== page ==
3) Eliminate the Traffic Court entirely and transfer its jurisdiction to the Philadelphia Municipal Court.
If you’re still with me, here’s my solution:
This is all a waste of time. Scrap the whole thing.
Politicians pass egregious laws about all kinds of stupid things that should never be the subject of any law because most of us are scared of our own shadows. Said pandering politicians, quite aware of the general population’s lack of common sense and its unquenchable desire to punish itself, attempt to remove themselves from the embarrassing disaster we demanded they create. After some of the people in power who suck at covering up their corruption are discovered avoiding liability for violating the ignorant and ineffective laws they helped pass, we simply replace them with other people who are ever so slightly more powerful, more subtle, and thus more likely to quietly do the same. They institute the program of our dreams, one that will ensure we are all equally screwed. Except them, of course.
In a sane world, we would all be getting away with this kind of stuff. The problem isn’t that people with “special consideration” find their dumb little tickets disappearing but rather that the very people who make the laws have such little respect for them that they find it necessary to curry favor to avoid the ridiculous penalties they had to create in order to keep being elected. The laws are the problem.
Driving is a funny thing. The lady I saw commuting to work in her Prius while pressing her overcoat and going ten under with her turn signal on and no intention of turning deserves a ticket, but she’ll never get one. On the other hand, I don’t care how fast the lady in the Carrera GT with several high performance driving courses under her belt wants to go. The competent guy riding a GSXR-1000 shouldn’t get a ding on his record for going eleven over while a guy on on a Rebel sits there clogging the HOV lane going thirty under with impunity. Cops lack the legal backing, and probably the skill, to properly distinguish the safe from the disaster waiting to happen. They’re going to get it wrong every time.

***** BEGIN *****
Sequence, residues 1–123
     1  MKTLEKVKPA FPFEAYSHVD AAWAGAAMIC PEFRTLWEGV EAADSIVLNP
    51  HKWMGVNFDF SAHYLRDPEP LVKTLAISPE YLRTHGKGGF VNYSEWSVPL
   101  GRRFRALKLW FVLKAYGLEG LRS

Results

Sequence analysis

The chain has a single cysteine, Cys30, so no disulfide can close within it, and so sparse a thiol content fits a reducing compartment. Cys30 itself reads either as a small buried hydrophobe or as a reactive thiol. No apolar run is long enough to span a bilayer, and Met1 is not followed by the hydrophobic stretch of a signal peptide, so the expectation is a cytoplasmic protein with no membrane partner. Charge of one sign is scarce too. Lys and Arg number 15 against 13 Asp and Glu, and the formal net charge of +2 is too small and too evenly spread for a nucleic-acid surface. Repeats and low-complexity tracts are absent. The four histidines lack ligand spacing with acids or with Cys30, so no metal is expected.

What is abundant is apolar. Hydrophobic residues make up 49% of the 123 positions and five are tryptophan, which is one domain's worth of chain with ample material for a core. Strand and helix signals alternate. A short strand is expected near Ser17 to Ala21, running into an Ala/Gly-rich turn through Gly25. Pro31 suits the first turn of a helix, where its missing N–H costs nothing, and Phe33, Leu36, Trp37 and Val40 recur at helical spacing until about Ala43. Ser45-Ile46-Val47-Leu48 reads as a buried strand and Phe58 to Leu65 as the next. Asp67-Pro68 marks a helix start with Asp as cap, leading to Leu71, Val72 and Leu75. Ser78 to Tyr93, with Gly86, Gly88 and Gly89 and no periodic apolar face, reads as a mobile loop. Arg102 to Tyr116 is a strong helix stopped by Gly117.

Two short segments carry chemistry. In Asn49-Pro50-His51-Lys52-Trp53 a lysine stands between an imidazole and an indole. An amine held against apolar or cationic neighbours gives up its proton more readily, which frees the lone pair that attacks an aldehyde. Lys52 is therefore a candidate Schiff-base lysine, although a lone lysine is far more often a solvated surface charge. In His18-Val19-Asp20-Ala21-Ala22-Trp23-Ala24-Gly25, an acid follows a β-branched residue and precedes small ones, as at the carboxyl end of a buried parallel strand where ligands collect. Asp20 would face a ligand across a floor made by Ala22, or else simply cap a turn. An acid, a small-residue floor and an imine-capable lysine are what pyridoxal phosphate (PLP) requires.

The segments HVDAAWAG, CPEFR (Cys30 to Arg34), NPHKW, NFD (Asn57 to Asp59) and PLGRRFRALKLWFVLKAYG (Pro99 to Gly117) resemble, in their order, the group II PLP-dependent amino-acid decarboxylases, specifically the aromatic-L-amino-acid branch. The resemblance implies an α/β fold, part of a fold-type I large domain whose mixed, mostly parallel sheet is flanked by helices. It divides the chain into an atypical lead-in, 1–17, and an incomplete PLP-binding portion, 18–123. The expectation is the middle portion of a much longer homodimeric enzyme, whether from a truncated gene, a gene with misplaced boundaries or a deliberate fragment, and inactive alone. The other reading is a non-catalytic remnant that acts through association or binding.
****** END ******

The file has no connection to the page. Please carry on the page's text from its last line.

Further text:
Worst of all, the only reason anyone cares about the ticket in the first place is because of the insurance consequences. Without that, it would just be a one-time speeding tax. The laws primarily exist to provide conglomerates with a reason to price-gouge certain segments of the population. Ten miles per hour is a split second on the throttle in many vehicles, and ten over the speed limit to a dead stop tends to occur even sooner in some of those same vehicles. No one with an ounce of intelligence and a modicum of skill ever believes the traffic laws should apply to them. It’s all those other people who are going to slaughter our children on the roads that need to respect the law.
The real problem in Philadelphia is that some people got justice. Their “special consideration” was just the sort of thing that everyone should get. Instead of realizing that, the good people of Philly now have fourteen useless steps in the wrong direction and three suggestions intended to transfer power to people who will abuse it more discretely. Are we really so stupid that we would think that’s any solution at all?